Trying to make sense of debates on universal basic income can feel like herding cats. The arguments rush off in all different directions, revealing a thousand contradictions. The UBI will decommodify labor, freeing us from the market. The UBI will commodify our need satisfiers, binding us to the market. The UBI can build support for climate policies by recycling carbon taxes back to the public. The UBI will make it harder to transition to a low-carbon economy by growing consumption. The UBI is a mass of contradictions. In these contradictions there is power and danger.
Marxist feminist Kathi Weeks argues that the UBI is a powerful strategic demand because it marries utopian and pragmatic elements.1 The UBI challenges key aspects of capitalism, opening new possibilities for how we might live (the utopian element). But the UBI has enough links to modern capitalism that it can realistically be implemented within capitalism. Without the utopian element, the UBI is just another uninspiring technocratic policy proposal.
Without its affinity to capitalism, the UBI is just another empty dream. The strength of the UBI lies in how it brings the utopian future together with the dystopian present. Viewed this way, the arguments raised against the UBI are transformed into arguments in favor of it. The UBI is neoliberal. It does enable us to meet our immediate needs through the market. It does commodify need satisfiers. The UBI does lend itself to the lie that that private sector creates wealth. (Some tech billionaires advocate for a UBI as an act of private generosity!) The UBI slides seamlessly into the narratives and structures of neoliberal capitalism. But this is a strength. Without these attributes, the UBI would lie too far outside our social imaginations. It would seem impossible.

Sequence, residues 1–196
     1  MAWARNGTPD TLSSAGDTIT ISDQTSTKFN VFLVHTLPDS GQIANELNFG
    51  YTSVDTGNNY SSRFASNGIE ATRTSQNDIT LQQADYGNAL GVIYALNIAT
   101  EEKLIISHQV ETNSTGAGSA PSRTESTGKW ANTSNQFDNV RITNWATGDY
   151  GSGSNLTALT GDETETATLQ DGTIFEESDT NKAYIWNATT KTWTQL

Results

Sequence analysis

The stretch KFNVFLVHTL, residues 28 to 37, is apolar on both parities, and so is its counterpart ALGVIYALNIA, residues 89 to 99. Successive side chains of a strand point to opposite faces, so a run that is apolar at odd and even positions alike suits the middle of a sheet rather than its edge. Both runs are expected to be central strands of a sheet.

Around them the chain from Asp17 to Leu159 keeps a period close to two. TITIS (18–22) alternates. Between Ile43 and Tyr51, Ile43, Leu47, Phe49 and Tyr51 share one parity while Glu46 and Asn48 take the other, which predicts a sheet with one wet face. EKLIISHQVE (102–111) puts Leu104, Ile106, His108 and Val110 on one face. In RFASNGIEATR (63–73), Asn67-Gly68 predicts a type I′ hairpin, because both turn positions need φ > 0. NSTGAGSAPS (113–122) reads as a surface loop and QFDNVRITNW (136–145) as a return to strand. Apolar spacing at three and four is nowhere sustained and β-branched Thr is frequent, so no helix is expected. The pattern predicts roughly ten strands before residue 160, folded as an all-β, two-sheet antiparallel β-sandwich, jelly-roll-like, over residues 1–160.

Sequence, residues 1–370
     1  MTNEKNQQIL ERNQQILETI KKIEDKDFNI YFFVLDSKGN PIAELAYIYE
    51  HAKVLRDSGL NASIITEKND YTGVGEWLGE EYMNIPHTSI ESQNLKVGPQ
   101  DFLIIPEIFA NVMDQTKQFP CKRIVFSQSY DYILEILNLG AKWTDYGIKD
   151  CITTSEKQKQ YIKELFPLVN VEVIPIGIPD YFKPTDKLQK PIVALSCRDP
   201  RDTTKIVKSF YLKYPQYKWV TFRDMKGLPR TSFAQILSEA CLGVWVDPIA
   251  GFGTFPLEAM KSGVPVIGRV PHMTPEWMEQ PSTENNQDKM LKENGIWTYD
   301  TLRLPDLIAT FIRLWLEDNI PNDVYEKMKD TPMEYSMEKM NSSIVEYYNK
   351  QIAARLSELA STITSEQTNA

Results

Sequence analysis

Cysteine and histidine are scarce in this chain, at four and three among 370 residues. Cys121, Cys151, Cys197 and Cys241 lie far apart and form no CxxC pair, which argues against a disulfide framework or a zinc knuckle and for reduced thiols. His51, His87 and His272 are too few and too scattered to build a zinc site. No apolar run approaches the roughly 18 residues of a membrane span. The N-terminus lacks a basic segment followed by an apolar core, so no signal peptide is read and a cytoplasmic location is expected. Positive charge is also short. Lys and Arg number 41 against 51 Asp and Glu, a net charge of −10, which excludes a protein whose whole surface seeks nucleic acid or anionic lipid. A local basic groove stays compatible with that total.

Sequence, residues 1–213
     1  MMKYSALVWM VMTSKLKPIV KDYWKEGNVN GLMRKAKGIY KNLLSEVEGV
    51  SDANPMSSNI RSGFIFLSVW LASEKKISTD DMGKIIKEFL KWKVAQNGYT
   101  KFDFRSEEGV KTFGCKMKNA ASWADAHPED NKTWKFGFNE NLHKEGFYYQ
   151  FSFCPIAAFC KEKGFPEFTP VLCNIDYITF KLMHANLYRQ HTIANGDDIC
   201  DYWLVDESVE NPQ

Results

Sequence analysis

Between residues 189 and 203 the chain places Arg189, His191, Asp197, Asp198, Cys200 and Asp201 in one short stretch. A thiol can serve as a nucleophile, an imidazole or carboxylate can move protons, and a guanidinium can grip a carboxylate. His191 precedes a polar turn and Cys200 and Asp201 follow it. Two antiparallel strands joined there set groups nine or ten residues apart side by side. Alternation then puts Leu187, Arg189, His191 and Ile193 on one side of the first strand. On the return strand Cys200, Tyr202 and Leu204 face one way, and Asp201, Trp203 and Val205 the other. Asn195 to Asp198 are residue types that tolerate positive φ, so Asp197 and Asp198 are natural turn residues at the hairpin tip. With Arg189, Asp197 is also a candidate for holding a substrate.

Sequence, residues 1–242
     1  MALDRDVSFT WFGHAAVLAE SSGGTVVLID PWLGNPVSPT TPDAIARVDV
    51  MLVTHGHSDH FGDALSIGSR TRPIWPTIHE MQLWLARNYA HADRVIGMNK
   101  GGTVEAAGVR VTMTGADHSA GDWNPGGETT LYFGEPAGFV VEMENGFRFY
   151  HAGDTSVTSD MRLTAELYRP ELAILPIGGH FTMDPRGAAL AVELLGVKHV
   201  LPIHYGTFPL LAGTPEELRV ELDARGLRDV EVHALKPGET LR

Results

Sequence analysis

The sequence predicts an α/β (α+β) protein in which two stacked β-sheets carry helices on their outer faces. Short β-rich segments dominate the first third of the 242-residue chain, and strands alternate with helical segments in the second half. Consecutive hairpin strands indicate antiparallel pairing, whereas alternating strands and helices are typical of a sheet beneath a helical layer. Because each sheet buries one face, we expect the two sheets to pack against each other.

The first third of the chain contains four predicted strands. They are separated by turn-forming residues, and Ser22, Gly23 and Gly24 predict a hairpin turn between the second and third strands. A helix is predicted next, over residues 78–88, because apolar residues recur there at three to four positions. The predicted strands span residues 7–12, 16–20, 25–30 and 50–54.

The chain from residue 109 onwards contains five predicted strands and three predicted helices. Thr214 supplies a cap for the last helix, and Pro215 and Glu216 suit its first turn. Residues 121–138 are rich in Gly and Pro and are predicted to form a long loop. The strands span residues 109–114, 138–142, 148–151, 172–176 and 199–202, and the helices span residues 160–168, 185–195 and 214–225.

The utopian element also changes how we view arguments that the UBI alone is not enough. In a capitalist economy, a UBI will promote consumption and its disastrous environmental effects. In a capitalist economy, a UBI will devalue unpaid care work. The utopian hope is that the UBI lays the groundwork to transform capitalism. The ability to compel workers to take part in the market is a key dynamic of capitalism, and the UBI offers us a way to challenge this. So, yes, the UBI alone is not enough. But the UBI’s contradictions give it the form of a Trojan horse: it is the way we sneak wider reforms into the capitalist economy.
What of the danger? I read the contradictions of the UBI in a particular direction: the Trojan horse entering capitalism. But we can also read the contradiction in the other direction. The UBI supports neoliberal capitalism today and promises us utopia tomorrow. Could the UBI be a capitalist Trojan horse, entering left and green circles with the promise of freedom while delivering more neoliberalism?
The key lies in the ability of the UBI to facilitate widespread rejection of the labor market. Implicit in discussions of greater freedom from the UBI is the idea that we work in the market to feed and shelter ourselves. I am sympathetic to this but see one major barrier, illustrated by a recent advertisement for Nespresso coffee machines. The advertisement features an adult child handing a coffee machine to his mother, who smiles lovingly at him. “Why do you give gifts?” the voiceover asks. “Because you are the favorite son” comes the answer. Most conceptions of a UBI would free me from the need to work to feed myself. But can they free me from my (perceived) need to work to buy love?
The challenge of the UBI is in addressing these contradictions. Can we grasp them in the way Weeks argues and use the UBI as a way to transform capitalism? Or will the cultural forces of neoliberal capitalism turn our tool against us? I do not have a good answer, so I am wary. But I still see the UBI as a useful platform. Though dangerous, its ability to ability to connect our present and our future is, for me, too tempting to turn away from.
1. Kathi Weeks, The Problem with Work: Feminism, Marxism, Antiwork Politics, and Postwork Imaginaries (Durham, NC: Duke University Press, 2011).